Farmland Can Be A Lucrative Solar Resource
As farmers continue to look for ways to diversify their incomes, many are turning to solar as a way to transform unused or underused land into a new income source. At Standard Solar, our wealth of experience and expertise allows us to provide guidance for farmers throughout the United States who are looking to add solar on their properties. For example, we recently provided the financing to help Fritz Family Farms in New Windsor, Maryland, turn 12 low-yield acres of their 400-acre hay, grain and cattle farm into a 2.7 megawatt (MW) solar array.
In 2017, Gov. Larry Hogan honored Fritz Family Farms for their commitment to farming and leadership in preserving agricultural land and presented them with a Century Farm designation for farming the same land for more than 100 years (the land was originally settled by the Fritz family in 1912).
In 2019, they decided to use some of their little-used acreage to create a stable revenue stream for the farm.
“This project provides economic benefit to the landowner, operator and community while harnessing clean renewable energy,” said Jeffrey Fritz, Fritz Family Farms.
Standard Solar, with help from Earth and Air Technologies and Ogos Energy, developed, built and owns the single-axis tracking solar array, which is configured for Maryland’s virtual Aggregate Net Energy Metering (ANEM) program—an innovative program set up by Maryland’s 2019 Clean Energy Jobs Act.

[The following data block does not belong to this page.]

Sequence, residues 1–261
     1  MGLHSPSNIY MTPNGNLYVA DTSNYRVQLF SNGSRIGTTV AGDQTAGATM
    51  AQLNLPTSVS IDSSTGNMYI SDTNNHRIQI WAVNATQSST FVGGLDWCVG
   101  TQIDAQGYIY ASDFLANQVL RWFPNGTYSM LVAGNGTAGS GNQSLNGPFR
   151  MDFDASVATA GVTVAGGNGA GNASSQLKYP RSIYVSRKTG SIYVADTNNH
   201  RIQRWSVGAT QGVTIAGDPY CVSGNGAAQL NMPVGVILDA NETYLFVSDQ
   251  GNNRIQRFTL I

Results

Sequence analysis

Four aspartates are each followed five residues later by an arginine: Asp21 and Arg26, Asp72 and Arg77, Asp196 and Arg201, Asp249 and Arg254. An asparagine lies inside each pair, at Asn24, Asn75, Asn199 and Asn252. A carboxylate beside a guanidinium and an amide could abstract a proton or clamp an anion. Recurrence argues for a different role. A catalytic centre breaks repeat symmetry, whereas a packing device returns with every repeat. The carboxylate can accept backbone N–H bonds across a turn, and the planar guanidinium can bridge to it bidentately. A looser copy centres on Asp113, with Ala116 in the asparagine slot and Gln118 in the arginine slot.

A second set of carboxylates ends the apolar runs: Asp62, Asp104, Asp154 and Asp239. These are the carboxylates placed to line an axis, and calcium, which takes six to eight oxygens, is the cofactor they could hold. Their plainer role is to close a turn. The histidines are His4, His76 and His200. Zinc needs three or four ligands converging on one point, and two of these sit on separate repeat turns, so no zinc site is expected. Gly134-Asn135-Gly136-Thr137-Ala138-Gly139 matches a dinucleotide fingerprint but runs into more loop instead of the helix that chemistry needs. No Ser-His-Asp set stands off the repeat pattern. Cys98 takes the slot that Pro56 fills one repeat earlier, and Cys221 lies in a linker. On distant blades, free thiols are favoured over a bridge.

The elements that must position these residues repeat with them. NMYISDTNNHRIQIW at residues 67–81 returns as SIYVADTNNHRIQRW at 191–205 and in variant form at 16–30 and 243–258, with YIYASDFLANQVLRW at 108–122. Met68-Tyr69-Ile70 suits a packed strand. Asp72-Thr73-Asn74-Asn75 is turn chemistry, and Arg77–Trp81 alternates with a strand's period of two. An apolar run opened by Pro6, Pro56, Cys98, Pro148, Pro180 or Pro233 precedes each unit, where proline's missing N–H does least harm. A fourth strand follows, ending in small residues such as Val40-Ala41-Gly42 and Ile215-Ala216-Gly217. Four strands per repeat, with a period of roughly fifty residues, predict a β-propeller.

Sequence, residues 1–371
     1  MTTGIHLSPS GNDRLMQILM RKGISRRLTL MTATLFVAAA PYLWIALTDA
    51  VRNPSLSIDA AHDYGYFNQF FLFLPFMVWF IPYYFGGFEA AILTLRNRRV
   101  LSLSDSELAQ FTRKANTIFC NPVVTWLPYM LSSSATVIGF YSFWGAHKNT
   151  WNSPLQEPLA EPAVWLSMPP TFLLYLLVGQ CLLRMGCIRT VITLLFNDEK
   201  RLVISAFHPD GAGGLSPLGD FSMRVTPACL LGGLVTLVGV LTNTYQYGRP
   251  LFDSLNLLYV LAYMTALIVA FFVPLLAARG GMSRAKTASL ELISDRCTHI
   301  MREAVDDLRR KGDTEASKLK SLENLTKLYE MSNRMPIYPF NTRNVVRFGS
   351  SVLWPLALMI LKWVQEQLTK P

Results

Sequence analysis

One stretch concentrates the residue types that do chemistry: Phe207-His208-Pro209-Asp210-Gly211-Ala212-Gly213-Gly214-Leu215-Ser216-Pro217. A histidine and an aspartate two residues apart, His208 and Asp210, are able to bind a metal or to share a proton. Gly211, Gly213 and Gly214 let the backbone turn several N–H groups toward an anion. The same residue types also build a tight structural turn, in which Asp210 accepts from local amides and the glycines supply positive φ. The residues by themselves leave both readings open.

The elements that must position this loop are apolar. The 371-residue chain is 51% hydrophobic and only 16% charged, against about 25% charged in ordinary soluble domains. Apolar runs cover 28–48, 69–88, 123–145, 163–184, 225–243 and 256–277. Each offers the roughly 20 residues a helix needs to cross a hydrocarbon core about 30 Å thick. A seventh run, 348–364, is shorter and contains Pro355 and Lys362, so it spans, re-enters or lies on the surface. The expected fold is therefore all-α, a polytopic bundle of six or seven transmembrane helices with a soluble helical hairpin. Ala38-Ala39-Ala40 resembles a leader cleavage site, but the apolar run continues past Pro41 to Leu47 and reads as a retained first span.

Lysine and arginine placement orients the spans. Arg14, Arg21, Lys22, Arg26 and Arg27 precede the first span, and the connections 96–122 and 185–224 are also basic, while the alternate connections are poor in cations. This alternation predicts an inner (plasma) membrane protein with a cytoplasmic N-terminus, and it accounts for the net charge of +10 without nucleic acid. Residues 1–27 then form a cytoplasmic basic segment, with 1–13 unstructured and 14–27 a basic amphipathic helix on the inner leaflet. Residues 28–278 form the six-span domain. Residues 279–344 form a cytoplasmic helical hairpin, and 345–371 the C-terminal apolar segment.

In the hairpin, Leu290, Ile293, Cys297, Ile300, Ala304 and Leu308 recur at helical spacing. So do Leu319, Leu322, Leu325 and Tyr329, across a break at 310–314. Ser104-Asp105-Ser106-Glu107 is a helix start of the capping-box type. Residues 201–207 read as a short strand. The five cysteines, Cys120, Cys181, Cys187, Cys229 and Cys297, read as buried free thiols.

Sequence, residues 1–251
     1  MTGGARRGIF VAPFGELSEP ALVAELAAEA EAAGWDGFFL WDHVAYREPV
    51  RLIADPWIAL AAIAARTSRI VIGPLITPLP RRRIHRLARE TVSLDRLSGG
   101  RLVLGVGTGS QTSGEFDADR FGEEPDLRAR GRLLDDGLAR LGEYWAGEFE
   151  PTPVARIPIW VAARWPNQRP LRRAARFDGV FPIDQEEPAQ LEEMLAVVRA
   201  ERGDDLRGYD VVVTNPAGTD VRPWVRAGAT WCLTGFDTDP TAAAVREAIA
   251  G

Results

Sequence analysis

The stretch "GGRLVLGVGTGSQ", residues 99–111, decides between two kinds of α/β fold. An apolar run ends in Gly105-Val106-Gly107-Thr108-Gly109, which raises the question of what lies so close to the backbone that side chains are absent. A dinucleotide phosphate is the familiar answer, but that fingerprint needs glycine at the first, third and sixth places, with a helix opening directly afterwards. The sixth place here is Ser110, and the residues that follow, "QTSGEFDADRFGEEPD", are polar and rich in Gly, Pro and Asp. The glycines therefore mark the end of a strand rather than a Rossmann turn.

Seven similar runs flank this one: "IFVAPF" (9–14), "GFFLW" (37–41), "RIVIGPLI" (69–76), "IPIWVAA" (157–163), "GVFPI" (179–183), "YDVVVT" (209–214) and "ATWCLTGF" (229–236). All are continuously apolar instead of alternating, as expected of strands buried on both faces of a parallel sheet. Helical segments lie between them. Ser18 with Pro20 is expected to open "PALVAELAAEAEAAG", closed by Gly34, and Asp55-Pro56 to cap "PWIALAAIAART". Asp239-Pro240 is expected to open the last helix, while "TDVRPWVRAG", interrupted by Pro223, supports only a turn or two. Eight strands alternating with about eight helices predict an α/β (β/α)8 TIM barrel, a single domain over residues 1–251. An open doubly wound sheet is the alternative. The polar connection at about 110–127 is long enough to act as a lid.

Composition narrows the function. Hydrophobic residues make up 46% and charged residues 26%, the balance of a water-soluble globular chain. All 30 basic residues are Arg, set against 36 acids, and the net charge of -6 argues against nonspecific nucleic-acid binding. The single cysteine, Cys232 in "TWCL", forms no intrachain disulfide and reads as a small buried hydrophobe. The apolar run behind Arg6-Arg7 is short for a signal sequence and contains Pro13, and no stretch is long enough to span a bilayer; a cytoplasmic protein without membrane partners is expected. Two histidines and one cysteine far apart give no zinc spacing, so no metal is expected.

“This solar project is a win-win scenario for all—it is transforming a portion of low yield land into 20-year predictable revenue for a family-run farm while providing affordable, reliable power to the region’s public water authority,” said John Finnerty, director of business development, Standard Solar. “It also highlights how smart solar project siting practices can benefit agriculture, complement farm operations and land use.”
Though this is not the farms’ first foray into the solar space—they’ve been running the farm from their own solar array since 2014—this is the first time they’ve sold the power from a solar array to an outside offtaker.
WSSC Water, one of the largest water and wastewater utilities in the nation, is purchasing the power from Fritz Family Farms in an effort to meet their own internal sustainability goals as well as providing additional value to their Maryland customers. WSSC has worked with Standard Solar on four other projects.
“Energy management is critical to WSSC Water,” said Robert Taylor, energy manager, WSSC Water. “Investing in solar energy pays dividends both economically and environmentally as it lowers our dependence on carbon-based fuels.”
If you’re looking to transform farmland into a solar-energy powerhouse, our experts can guide you through the process every step of the way.